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I'm part moody, part responsible: Sneha Khanwalkar

Press Trust of India  |  New Delhi 

Khanwalkar likes life to happen to her - to doodle, travel, fall in love and get her heart broken - when she is not making music.

The avant garde does not believe in "working too hard and earning too much money".

When asked how she navigates work, Khanwalkar told in an interview, "I've not been careful about what I do. I've been doing other things in life like learning to doodle, travelling, falling in love, getting my heart broken.

"I just feel you don't have to keep on working hard and earn too much money, I think you can just earn the amount you need. I'm part moody and part responsible. That is what inspires me. It makes me more eased out about life in general."

She burst onto the music scene with successes such as "Oye Lucky, Lucky Oye!", "Love, Sex Aur Dhokha" and "Gangs of Wasseypur" series.

The says it was through films that she found a connection with music though she was introduced to the Gwalior gharana of Hindustani classical music at a young age through her mother.

"I know music because of my family. I also used to sing and everyone knows how parents push you to sing everywhere so you can sing better than others. But often it becomes like 'Oh God, am I good enough? Am I not good?' Then you start thinking about music and later you start having a relationship with it.

"So when I started, I knew a little bit of music. I felt like I could play with it. I could be a part of films."


Her next stint is Nandita Das' "Manto".

The says the film used poetry by Meeraji, and as lyrics.

Recreating these words of the bygone era had a calming effect on her, she says.

"Nandita and I used to sit and read the poetry together working out songs for the film. It was really nice. I felt I learnt something new."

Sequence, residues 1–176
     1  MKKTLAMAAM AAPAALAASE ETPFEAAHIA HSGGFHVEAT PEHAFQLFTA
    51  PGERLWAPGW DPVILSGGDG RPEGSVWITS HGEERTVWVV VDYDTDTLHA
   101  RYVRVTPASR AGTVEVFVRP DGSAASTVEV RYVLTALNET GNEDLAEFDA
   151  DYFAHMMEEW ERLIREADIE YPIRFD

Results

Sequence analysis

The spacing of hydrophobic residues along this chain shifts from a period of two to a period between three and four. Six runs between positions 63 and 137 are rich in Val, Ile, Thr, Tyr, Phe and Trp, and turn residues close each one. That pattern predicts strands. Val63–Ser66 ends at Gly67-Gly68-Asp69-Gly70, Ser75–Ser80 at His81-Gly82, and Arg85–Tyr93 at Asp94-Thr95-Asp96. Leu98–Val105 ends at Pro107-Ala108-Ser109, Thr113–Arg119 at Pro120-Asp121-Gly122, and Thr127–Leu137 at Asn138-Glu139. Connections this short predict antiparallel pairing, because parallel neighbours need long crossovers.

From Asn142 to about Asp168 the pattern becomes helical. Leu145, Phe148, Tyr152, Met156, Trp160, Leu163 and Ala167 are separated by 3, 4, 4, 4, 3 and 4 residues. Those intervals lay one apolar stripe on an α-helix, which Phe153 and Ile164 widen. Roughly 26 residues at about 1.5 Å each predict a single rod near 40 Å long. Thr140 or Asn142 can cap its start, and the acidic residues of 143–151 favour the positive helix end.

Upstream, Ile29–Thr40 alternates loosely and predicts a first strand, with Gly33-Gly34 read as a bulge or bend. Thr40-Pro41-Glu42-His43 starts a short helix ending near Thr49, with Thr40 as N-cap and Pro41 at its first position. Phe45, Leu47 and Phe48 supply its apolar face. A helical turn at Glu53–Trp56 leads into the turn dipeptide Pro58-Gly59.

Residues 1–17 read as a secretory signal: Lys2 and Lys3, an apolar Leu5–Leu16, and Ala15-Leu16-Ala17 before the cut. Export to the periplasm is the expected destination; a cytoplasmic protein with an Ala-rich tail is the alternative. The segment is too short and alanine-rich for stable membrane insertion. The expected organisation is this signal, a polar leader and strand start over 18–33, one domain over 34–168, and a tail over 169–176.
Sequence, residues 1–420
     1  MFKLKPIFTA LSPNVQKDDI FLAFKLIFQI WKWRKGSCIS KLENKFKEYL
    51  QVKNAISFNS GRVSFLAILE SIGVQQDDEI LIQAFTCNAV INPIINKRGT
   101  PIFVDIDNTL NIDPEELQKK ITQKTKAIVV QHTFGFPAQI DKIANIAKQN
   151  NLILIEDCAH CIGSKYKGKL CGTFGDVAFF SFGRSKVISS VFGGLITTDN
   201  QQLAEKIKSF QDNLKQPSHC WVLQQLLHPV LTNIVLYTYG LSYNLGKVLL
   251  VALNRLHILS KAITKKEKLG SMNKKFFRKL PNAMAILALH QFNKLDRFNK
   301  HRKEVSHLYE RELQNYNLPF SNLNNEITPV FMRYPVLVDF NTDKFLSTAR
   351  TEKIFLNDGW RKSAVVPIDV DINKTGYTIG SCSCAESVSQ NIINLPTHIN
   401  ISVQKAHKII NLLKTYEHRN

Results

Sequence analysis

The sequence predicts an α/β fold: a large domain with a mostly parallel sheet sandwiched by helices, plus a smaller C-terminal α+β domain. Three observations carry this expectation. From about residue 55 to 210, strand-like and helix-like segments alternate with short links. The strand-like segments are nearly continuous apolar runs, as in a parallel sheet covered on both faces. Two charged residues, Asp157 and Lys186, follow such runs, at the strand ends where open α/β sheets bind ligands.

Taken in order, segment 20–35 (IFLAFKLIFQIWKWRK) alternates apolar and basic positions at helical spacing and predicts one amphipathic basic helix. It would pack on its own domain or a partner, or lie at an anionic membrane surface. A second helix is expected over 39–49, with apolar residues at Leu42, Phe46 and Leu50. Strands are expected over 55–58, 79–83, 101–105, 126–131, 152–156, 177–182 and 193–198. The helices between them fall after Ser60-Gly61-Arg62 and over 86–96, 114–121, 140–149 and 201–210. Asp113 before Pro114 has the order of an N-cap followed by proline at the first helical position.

Khanwalkar's style of music can be called bohemian and trippy that uniquely cuts across genres.

But she says she does not create her "sound", she merely works with a bunch of interesting musicians to get the feel of the song right.

For "Manto", she has collaborated with and Zubin Balaporia, among others.

"I cast the right musicians, I think, for the right song. I just do it the way I feel will justify the emotions. Then it automatically sounds like my sound. I just do my thing.

"If I feel that I need an amateur for a song then I don't call an expert. I won't hire a supremely amazing and ask him to dumb down."

Khanwalkar is only the second woman to be nominated for Best Filmfare (GOW) 28 years after but she does not understand why people view her as a "female" first, last.

"I know I'm seen as an independent, experimental, slightly rebellious composer, but why am I first viewed as a female? (It's strange) as I wouldn't even know what it is like to be a man."

She believes today an artiste has a journey, not "struggle".

"It's not the '70s that we'll struggle. When you're trying to do something, you obviously need to go through a lot of learning process, it's not struggle.

(This story has not been edited by Business Standard staff and is auto-generated from a syndicated feed.)

First Published: Thu, September 13 2018. 13:00 IST
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